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Fiery railcars with hazardous material mostly contained after derailment in North Dakota

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Enflamed railcars carrying hazardous material were mostly extinguished Saturday, a day after they derailed in a remote area of North Dakota.

Officials said Friday no one had been hurt. The threat to those living nearby remained low, according to county emergency management, which reported no air contamination in the area or downwind.

Twenty-nine cars of a CPKC train derailed around 3:45 a.m. in a marshy area surrounded by farmland that is about 140 miles (225 kilometers) northwest of Fargo, county emergency management director Andrew Kirking said.

Kirking said in a statement Saturday that the fire would still occasionally flare up as responders moved railcars from the tracks. But “firefighting operations through the night and morning have been incredibly successful,” he said.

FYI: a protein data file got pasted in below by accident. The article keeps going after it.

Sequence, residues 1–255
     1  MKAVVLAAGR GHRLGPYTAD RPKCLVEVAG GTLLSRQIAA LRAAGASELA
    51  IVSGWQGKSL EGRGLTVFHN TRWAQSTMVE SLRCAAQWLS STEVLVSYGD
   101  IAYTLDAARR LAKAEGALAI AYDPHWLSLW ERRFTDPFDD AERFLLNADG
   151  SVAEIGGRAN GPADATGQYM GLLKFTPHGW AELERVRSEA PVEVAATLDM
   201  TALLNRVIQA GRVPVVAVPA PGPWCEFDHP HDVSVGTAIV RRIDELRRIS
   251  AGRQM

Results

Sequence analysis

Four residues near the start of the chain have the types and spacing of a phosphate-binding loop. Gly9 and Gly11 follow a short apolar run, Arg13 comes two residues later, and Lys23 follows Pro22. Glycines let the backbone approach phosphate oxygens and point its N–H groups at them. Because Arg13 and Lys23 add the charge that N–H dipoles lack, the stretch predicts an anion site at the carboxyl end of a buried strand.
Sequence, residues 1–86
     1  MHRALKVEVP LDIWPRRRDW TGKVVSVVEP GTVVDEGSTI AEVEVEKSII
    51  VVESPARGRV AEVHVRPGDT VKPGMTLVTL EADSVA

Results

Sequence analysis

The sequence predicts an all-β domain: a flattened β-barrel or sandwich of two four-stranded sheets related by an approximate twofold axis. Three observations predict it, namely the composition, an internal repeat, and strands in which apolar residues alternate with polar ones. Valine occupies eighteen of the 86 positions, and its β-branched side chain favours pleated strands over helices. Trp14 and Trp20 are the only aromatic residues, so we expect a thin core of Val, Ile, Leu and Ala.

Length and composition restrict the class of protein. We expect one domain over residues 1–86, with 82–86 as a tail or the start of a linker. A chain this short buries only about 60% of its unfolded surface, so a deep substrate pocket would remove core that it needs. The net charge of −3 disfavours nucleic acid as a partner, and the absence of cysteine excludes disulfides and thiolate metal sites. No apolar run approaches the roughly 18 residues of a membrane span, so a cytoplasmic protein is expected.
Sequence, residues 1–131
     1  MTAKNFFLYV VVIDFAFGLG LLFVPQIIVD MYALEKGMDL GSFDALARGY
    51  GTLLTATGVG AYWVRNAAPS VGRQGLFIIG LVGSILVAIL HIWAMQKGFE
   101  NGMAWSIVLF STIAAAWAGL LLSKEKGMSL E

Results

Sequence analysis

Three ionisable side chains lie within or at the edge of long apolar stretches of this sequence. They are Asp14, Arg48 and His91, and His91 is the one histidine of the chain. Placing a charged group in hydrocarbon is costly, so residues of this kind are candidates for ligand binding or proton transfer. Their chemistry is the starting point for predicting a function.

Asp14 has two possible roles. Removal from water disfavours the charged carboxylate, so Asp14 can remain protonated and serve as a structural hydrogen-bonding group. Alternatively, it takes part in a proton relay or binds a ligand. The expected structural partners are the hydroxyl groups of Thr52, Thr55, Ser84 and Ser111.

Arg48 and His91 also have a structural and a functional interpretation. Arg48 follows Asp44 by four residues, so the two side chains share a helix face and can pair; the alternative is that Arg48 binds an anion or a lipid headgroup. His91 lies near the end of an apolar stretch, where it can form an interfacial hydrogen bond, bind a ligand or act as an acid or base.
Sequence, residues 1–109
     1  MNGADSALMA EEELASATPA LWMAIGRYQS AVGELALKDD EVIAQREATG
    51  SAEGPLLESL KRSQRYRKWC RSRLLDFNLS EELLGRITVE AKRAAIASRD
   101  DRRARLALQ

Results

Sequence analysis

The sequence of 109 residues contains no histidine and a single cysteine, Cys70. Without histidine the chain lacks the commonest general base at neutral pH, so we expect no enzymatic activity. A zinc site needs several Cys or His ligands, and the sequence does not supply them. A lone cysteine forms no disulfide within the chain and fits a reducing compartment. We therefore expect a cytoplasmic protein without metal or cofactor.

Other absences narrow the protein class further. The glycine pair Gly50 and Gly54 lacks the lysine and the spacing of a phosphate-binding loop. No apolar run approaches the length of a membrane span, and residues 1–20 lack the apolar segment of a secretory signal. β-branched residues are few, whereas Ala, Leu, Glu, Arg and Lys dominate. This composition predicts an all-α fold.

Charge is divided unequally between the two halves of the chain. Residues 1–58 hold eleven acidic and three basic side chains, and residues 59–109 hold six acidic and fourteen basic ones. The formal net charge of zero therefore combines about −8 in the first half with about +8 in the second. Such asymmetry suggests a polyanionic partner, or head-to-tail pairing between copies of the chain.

Emergency officials now say the contents of the derailed cars included anhydrous ammonia, methanol and plastic pellets.

Bill Suess, spill investigation program manager for the North Dakota Department of Environmental Quality, identified ammonia as a potential risk, but wind was carrying the smoke away from the nearby town of Bordulac, which has about 20 residents.

“Wind has been in our favor on this,” Suess said Friday.

Exposure to high concentrations of ammonia in the air can cause burning of the eyes, nose, throat and respiratory tract, and can result in blindness, lung damage or death, health officials say. Exposure to lower amounts can result in coughing and irritation of the nose and throat.

CPKC said in a statement Friday that it has “initiated its emergency response plan and launched a comprehensive, coordinated response.”

The railroad was the result of a merger last year of Canadian Pacific Railway and Kansas City Southern.

The National Transportation Safety Board said Friday that it is investigating.

Associated Press

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